Microsoft confirmed that Feb. 14, 2017 is the cutoff date for SHA-1 support in its Microsoft Edge and Internet Explorer 11 browsers. After that date, neither browser will immediately load sites still running SHA-1 certificates and users will be shown an invalid certificate warning. Users will also have to take extra steps to reach the site if they so choose.
The move follows Google’s announcement last week that it will remove support for SHA-1 certificates in Chrome 56 that is slated to be released at the end of January. Mozilla also announced a similar deprecation cutoff date for early next year.
SHA-1 (Secure Hash Algorithm 1) has been supported by Google, Firefox and Microsoft browsers for more than a decade. But weaknesses and theoretical collisions have been demonstrated in SHA-1, exposing users to spoofing and man-in-the-middle attacks.
The successor, SHA-2, addresses those concerns. But the industry has a long way to go to update, according to Venafi. It estimates 35 percent of websites (out of 11 million public websites) are still using SHA-1 certificates.
In a blog post, Microsoft said that its transition will impact only SHA-1 certificates that chain to a Microsoft Trusted Root certificate authority. The tech giant also attempted to allay fears over the migration saying manually installed enterprise or self-signed SHA-1 certificates will not be impacted; ensuring a smooth transition for internal corporate sites mostly located behind a company’s firewall.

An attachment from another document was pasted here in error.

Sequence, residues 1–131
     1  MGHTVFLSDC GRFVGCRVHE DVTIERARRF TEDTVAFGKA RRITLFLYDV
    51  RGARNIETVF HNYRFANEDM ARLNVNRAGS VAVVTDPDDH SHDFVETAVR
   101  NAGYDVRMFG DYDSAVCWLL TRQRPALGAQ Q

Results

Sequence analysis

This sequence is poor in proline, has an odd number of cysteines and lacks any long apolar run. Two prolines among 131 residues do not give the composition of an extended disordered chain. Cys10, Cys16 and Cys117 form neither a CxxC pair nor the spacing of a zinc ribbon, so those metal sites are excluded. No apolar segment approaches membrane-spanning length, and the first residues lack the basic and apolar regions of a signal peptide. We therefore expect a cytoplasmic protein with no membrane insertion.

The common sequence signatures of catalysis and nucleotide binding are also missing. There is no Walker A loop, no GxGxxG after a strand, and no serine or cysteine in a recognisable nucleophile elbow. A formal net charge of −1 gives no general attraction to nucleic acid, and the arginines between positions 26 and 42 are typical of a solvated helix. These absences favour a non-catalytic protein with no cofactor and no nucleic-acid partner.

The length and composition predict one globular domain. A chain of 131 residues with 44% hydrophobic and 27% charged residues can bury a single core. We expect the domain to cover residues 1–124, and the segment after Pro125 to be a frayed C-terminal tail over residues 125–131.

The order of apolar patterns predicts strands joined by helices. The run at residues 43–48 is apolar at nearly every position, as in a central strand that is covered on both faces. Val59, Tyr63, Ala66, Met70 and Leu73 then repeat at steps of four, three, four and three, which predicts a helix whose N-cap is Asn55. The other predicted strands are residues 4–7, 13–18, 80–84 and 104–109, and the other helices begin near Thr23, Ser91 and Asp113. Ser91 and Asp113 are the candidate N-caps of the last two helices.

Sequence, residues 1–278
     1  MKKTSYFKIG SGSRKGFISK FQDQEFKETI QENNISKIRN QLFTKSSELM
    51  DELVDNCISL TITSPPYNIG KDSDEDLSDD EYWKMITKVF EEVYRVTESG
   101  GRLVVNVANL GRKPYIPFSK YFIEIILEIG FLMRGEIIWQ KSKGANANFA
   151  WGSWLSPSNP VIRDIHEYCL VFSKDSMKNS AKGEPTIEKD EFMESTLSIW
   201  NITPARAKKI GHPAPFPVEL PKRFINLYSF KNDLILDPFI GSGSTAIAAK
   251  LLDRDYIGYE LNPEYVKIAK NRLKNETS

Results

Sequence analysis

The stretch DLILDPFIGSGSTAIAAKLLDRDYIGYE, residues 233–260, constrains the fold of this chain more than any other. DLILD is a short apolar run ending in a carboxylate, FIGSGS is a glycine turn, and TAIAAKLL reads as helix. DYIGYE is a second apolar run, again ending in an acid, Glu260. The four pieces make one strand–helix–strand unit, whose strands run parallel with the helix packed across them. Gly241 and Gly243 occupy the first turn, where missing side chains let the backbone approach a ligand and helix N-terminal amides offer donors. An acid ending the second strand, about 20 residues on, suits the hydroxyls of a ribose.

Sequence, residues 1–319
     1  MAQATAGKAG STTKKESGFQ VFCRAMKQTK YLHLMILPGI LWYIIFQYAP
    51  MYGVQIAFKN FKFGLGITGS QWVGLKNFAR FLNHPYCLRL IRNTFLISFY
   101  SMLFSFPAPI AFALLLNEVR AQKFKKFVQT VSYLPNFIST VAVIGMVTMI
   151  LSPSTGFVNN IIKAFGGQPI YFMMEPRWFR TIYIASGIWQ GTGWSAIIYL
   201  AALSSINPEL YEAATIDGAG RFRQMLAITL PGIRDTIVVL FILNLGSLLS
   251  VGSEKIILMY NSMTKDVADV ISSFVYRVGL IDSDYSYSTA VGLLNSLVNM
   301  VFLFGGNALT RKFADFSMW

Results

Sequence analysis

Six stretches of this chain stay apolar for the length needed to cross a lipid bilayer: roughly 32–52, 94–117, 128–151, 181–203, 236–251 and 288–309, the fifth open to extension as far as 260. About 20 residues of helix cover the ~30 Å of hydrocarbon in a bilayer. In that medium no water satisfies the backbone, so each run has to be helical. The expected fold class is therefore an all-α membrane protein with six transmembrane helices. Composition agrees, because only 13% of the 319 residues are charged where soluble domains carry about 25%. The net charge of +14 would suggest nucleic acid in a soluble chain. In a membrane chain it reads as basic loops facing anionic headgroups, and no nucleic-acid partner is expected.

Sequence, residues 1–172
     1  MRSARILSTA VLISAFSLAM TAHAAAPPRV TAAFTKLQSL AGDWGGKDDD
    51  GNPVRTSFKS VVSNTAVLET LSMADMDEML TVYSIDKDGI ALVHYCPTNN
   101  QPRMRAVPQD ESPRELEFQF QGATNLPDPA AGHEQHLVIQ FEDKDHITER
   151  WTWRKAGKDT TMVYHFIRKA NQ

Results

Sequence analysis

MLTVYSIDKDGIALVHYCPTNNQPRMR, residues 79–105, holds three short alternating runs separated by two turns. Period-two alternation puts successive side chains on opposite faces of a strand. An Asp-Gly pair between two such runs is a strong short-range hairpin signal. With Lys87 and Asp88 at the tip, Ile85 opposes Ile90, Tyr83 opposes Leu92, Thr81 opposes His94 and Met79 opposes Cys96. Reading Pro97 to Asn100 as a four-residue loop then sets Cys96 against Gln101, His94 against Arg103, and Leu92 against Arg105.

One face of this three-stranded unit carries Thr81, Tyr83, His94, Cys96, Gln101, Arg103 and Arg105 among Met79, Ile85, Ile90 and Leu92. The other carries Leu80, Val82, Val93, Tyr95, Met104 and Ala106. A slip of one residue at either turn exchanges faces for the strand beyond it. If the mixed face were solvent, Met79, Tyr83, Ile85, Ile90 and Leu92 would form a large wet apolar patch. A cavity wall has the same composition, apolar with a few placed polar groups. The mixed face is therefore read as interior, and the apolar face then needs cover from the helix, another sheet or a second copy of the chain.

Microsoft also said that system administrators can get a jump on testing SHA-2 readiness if they are running the November 2016 Windows Updates, including the November 2016 Preview of Monthly Quality Rollups for Windows 7/Windows 8.1. Those users can use Edge and IE 11 to test how their site will be impacted by the SHA-2 migration, Microsoft said.
Additionally, users that visit sites that have missed the Feb. 14, 2017 migration date will also have the option to ignore the certificate error and will be able to continue to the website in question.
Microsoft also clarified concerns around cross-signed certificates explaining that Windows will only check if the thumbprint of the root certificate is in Microsoft Trusted Root Certificate Program. “A certificate cross-signed with a Microsoft Trusted Root that chains to an enterprise/self-signed root would not be impacted by the changes planned for February 2017,” according to Alec Oot and Jody Cloutier both senior program managers at Microsoft.
“Certificate security is critical to a website’s success. All web browsers use certificates to determine what can and can’t be trusted during online transactions. This is particularly critical in transactions that include sensitive data such as ecommerce and online banking,” notes Venafi’s Scott Carter in a recent post regarding SHA-1 depreciation.
Consequences to website owners that don’t migrate include visitors being warned of visiting insecure websites and being urged to look elsewhere for content. Browsers will not display a “green padlock” in the address bar and some sites could experience performance problems, according to Venafi.
“Either a third of websites are frantically scrambling to replace their SHA-1 certificates or they are blissfully unaware that they may still have SHA-1 certificates they have not yet located,” Carter wrote. “I doubt that many of these websites are still unaware of the consequences.”